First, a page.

including faxing Dr. Busch's office on April 13, 2016,
and April 18, 2016. But Dr. Dalmasi and Nurse Practitioner
Nelson were not able to review Dr. Busch's report until
May 6, 2016.
Dr. Dalmasi and Nurse Practitioner Nelson understood from Dr.
Busch's report that McFadden did not have an obstruction
from his nasal fracture and that his symptoms were instead
caused by swelling and inflammation in his nose due to
rhinitis. Dr. Dalmasi believed the recommended Flonase
treatment would alleviate, although not eliminate,
McFadden's symptoms. Dr. Dalmasi did not prescribe an
oral decongestant because it is unavailable on the Bureau of
Prisons formulary and because it provides the same relief as
Flonase but with more adverse side effects. See
Dalmasi Dep. 100:18-101:6. Had an oral decongestant been
necessary, Dr. Dalmasi could have requested it for an inmate.
Id. 82:3-82:14. After McFadden began Flonase
treatment, Dr. Dalmasi's personal involvement in
McFadden's care was limited to co-signing a few clinical
encounter notes, as discussed below.
Practitioner Nelson was familiar with Flonase and believed it
would treat nasal inflammation. Nurse Practitioner Nelson met
with McFadden on May 6, 2016, the same day she reviewed Dr.
Busch's report, to explain the report to McFadden and
prescribe Flonase as recommended. In her clinical encounter
note, Nurse Practitioner Nelson reported McFadden disagreed
with Dr. Busch's recommendation. McFadden received
Flonase within 1-2 days of meeting with Nurse Practitioner
8, 2016, almost immediately after he started taking Flonase,
McFadden complained the Flonase did not work. He made similar
complaints on May 9, 2016, and May 18, 2016. From May 2016
until September 2016, when Nurse Practitioner Kistler began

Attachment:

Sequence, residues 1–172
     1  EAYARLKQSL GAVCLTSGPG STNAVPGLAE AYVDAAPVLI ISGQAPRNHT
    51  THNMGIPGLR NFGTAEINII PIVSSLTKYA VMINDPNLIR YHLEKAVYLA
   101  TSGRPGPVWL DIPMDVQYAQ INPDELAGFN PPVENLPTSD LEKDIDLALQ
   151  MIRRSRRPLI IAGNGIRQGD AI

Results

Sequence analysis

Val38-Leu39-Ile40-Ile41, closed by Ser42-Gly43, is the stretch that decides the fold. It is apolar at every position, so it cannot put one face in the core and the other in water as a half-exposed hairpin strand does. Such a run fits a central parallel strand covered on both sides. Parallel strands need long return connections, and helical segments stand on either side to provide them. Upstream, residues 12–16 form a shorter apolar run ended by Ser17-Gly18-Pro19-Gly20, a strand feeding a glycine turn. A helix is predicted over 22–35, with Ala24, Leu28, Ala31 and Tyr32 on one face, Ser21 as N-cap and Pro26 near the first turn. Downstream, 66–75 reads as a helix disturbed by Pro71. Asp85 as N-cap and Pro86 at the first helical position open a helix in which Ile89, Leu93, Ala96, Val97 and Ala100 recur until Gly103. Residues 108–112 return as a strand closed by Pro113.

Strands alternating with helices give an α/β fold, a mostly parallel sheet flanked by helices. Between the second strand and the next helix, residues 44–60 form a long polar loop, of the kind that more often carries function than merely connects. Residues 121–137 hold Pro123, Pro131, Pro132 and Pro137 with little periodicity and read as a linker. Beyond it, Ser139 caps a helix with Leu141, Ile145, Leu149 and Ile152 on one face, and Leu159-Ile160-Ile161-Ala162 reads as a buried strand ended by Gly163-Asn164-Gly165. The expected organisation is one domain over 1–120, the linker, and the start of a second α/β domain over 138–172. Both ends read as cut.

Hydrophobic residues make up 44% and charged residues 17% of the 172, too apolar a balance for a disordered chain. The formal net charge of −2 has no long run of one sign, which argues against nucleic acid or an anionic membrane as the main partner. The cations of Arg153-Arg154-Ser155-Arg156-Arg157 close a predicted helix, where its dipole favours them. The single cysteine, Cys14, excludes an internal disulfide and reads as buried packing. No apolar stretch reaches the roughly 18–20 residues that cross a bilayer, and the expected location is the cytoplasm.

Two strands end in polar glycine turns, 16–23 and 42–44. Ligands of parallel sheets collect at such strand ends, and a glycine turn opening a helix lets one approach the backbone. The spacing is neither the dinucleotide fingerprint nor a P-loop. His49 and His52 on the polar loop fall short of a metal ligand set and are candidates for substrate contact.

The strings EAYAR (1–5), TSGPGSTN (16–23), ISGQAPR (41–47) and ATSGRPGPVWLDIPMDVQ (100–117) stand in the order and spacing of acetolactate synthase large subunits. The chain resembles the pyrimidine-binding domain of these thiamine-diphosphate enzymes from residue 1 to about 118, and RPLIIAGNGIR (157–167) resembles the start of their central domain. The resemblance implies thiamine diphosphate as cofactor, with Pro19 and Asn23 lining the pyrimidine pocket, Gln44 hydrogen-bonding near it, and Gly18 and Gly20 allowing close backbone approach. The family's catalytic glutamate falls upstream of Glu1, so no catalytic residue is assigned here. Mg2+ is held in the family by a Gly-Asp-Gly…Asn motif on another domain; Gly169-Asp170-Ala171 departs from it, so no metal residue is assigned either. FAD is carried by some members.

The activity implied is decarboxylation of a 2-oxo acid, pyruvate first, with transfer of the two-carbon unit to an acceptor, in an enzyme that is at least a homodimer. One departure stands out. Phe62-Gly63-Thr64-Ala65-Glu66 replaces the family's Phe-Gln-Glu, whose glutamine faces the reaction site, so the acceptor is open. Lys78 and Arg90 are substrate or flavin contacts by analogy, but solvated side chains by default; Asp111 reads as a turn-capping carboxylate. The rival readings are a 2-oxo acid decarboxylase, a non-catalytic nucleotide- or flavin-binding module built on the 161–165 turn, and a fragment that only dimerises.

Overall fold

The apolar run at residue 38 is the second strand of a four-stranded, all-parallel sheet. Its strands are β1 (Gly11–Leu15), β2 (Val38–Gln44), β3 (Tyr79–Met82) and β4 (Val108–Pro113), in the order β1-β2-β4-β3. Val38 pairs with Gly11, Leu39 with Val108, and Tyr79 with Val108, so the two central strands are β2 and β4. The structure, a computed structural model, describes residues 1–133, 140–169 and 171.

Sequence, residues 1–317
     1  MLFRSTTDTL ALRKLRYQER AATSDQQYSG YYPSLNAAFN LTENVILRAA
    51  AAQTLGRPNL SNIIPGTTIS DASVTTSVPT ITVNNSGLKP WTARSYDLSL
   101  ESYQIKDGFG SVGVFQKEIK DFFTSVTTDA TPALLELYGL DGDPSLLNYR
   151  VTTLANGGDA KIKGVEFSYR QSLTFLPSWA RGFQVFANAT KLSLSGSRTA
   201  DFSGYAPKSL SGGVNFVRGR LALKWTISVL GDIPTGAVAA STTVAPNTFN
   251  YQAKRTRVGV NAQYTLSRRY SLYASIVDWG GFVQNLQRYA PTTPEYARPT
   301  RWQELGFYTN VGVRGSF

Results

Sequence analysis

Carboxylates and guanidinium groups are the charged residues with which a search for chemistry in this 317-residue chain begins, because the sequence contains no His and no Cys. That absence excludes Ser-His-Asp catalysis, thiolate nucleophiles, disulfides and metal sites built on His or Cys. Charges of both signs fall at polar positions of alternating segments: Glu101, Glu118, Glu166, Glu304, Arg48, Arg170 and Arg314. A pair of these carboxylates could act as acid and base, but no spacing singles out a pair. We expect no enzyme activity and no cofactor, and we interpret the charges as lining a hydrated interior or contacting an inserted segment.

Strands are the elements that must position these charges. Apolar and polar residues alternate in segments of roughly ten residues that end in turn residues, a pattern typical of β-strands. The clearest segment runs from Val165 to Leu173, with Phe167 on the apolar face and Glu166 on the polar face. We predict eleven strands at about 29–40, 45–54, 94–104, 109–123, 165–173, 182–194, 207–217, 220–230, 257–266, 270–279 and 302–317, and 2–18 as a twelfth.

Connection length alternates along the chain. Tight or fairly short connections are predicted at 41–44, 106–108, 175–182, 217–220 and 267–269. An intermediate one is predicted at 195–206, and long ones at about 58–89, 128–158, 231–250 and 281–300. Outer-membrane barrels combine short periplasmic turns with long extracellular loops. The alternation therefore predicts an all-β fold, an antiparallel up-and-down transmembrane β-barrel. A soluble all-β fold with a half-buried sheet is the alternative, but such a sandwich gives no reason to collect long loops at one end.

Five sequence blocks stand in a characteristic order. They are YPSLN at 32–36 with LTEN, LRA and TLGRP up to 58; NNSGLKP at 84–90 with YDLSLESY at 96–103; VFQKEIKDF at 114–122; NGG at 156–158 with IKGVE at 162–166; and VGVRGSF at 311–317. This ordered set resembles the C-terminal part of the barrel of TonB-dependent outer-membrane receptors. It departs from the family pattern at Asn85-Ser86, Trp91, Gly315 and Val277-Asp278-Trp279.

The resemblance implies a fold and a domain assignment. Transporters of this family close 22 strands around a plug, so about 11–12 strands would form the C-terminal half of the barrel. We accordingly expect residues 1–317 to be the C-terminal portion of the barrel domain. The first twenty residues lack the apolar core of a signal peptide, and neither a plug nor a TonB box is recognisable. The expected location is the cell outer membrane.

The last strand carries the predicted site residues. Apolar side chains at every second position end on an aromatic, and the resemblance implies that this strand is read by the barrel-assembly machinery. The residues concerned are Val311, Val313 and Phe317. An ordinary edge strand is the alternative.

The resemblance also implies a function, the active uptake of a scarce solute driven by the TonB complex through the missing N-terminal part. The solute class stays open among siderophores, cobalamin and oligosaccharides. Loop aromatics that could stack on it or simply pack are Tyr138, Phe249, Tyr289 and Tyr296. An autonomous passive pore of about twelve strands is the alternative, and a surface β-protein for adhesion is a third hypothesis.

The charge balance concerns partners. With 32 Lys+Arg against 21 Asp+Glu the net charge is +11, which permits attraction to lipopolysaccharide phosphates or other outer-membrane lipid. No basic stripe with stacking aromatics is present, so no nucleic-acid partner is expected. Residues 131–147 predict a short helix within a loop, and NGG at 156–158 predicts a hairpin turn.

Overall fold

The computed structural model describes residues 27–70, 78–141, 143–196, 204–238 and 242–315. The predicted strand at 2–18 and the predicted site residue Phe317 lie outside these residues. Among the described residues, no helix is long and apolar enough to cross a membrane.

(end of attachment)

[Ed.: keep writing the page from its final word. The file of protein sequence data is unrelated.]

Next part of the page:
to take over McFadden's care, McFadden sent numerous
emails complaining of the same symptoms: trouble breathing
out of his nose, nosebleeds, headaches, and blurry vision.
Although the emails were addressed to Nurse Practitioner
Nelson, they were not sent to her directly, but were instead
sent to the account for Health Services, the administrative
health department at the FDC. Nurse Practitioner Nelson would
regularly see McFadden for his sick call requests and
complaints during this period.
20, 2016, McFadden had a follow-up clinical encounter with
Nurse Practitioner Nelson. McFadden reported he could not
breathe through his nose, had bleeding from the left side of
his nose, and had blurry vision in the morning. Nurse
Practitioner Nelson reported McFadden's pain as a
subjective level of five and noted she prescribed
“Flonase, Motrin” for intervention. Defs.'
Ex. 31. Nurse Practitioner Nelson believed, in her medical
judgment, McFadden was not using Flonase correctly. She thus
re-educated him on the correct use and told him to continue
using the medication. Dr. Dalmasi co-signed Nurse
Practitioner Nelson's clinical encounter note the same
29, 2016, Nurse Sogo had a clinical encounter with McFadden
during which McFadden complained of “not being able to
breathe.” Defs.' Ex.34. In his clinical encounter
note, Nurse Sogo stated McFadden's vital signs were
unremarkable and his oxygen saturation results were normal,
confirming that McFadden was getting enough oxygen. Nurse
Sogo also reported McFadden did not complain of any pain. On
May 31, 2016, Nurse Practitioner Nelson co-signed Nurse
Sogo's clinical encounter. After the May 29, 2016,
clinical encounter, Nurse Sogo had no other involvement in
the treatment for McFadden's nose. See McFadden